The Résumé: Your Ticket to an Interview
Imagine you have a friend who wants to set you up with their friend on a date. Naturally, before meeting them for coffee, you want to know a bit more about this mystery person.
“What are they like?” you ask your friend.
Your friend begins to describe their personality, hobbies, physical characteristics, and background. To your pleasant surprise, it seems you might have a few things in common. Like you, they love pickleball, sunset walks on the beach, sushi, dogs, old movies, and surfing. Oh, and they have a quirky sense of humor. At this, you are sold. You picture yourself eating California rolls and watching The Office together, discussing rescue dogs and the best surfing spots.
“I’m game,” you tell your friend. “Set me up!”
A resume is much like this – an introduction to someone who is unfamiliar with the employer. The resume is a window into your professional life, a chance for employers to catch a glimpse of your accomplishments and abilities. In short, a resume is a chance for you to sell yourself. It is your presentation to the world, your way of saying, “This is who I am and this is why you should hire me!” To an employers who has never met you, you are merely a name on a piece of paper. A well-written resume is a ticket in the door, a chance at an interview that could lead to an employment offer. This is why it is so crucial to create a flawless resume as you enter the career world.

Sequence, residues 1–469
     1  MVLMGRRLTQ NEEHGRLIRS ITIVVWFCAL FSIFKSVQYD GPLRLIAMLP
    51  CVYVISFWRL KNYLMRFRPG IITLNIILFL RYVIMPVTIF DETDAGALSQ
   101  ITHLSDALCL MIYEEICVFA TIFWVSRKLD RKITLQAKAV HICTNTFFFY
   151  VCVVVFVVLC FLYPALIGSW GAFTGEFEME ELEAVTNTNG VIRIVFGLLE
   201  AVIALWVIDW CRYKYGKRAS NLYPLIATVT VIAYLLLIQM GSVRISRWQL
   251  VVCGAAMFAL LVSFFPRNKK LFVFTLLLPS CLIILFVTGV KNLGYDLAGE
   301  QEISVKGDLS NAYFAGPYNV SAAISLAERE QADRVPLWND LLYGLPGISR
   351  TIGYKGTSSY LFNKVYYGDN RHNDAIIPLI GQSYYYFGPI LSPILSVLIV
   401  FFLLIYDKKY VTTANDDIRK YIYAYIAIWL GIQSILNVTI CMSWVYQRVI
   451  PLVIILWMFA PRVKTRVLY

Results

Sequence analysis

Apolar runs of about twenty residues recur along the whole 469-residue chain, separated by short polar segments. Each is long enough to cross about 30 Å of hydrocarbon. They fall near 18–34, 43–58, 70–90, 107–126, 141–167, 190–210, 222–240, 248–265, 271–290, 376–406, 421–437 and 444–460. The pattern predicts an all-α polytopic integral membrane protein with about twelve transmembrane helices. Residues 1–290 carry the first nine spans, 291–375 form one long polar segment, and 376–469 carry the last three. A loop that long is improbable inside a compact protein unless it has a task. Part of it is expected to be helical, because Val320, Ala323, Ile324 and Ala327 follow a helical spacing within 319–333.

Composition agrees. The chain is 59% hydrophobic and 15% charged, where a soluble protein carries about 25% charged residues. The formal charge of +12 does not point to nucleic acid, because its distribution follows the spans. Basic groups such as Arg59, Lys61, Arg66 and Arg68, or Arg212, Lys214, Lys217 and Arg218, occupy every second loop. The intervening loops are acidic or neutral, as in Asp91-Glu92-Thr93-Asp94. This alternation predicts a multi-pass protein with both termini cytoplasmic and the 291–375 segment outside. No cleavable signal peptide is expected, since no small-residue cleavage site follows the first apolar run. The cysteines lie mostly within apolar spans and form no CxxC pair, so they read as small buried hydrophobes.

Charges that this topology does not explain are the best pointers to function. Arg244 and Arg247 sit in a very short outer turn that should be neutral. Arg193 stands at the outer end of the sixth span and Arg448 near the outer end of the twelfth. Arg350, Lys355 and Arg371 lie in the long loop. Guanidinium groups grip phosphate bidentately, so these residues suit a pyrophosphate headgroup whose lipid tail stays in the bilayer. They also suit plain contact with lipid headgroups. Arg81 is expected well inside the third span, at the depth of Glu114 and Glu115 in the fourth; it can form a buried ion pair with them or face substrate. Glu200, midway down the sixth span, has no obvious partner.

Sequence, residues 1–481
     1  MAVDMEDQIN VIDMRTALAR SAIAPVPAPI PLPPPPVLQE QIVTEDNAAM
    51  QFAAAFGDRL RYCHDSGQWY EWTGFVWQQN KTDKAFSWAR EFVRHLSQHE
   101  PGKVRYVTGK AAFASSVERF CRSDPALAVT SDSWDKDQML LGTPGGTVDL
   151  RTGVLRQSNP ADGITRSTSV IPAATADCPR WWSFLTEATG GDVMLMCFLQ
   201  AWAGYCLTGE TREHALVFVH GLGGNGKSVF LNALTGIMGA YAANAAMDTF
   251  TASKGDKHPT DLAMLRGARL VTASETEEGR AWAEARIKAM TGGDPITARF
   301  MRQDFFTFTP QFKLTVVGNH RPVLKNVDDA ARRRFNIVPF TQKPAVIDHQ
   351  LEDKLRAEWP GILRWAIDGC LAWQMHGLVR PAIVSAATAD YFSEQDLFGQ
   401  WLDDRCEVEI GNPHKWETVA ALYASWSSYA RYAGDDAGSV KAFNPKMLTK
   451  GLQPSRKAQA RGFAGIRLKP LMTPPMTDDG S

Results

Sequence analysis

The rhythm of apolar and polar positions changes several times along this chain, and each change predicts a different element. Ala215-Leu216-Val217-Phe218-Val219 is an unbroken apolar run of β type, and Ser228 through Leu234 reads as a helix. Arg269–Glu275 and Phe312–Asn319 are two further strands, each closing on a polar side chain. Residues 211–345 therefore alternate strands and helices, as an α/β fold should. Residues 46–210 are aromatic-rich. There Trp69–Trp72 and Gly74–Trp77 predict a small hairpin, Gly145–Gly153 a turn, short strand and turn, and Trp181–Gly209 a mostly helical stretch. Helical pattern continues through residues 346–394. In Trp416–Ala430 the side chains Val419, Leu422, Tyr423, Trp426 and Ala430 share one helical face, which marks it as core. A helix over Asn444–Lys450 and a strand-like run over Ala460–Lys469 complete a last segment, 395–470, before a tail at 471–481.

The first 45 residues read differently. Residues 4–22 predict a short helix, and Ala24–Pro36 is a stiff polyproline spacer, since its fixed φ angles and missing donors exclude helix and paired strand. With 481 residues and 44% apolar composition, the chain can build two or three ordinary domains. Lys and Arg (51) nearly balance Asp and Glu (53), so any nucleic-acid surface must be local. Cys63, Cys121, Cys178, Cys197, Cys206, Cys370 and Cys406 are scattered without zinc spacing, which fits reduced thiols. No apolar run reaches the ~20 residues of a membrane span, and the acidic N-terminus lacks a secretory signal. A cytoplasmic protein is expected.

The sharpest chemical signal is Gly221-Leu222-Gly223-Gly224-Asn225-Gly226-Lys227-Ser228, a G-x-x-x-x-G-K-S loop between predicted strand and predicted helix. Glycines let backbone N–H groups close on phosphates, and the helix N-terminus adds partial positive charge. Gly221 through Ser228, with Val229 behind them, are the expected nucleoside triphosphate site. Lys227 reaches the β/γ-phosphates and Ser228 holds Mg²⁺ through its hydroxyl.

Understandably, many college students often find resume writing especially challenging. They may feel that their part-time job experience is not relevant to their desired field or that they are inadequate against the competition. But the good news is, a carefully crafted resume is not difficult to compose!
So just where did the idea of a resume come from? The word resume comes from the French language; it means “to summarize the past.” Some claim that Leonardo De Vinci should be credited for creating the very first resume. In 1482, De Vinci wrote the Duke of Milan, explaining his qualifications. In his letter, he was able to carefully address the Duke’s most pressing needs, which at the time were military advantages and fame. An excerpt from the letter reads:
“Most Illustrious Lord, having now sufficiently considered the specimens of all those who proclaim themselves skilled contrivers of instruments of war, and that the invention and operation of the said instruments are nothing different from those in common use, I shall endeavor, without prejudice to anyone else, to explain myself to your Excellency…”
This might bring a chuckle, as it’s hard to imagine addressing any future employer as “Most Illustrious Lord.” But De Vinci was not alone in his endeavors. Many others followed suit, penning introduction letters to solidify their credibility.
The notion of a resume continued to morph over time. In the 1940s, resumes sounded more like personal ads, as they included education, qualifications and details that would be considered illegal for hiring a candidate today, such as religion, height, weight, marital status, and age. By the 1950s, resumes were an expected document for employment seekers, and all were typed on a manual typewriter by a woman. In the 1980s, Microsoft Word came along, as did personal computers, changing the working landscape forever. The revolution of the Internet and social media soon followed, allowing people to post resumes online. Today, REZCORE.com, a leading online resume help blog, states that roughly 100 million resumes are sent each year.
According to Dr. John Sullivan, an internationally known thought-leader from the Silicon Valley, most recruiters spend just sixseconds looking at each resume. Yikes! That’s just measly seconds to WOW your future employer and make a lasting impression!
So just what makes a great resume? Here are a few dos and don’ts.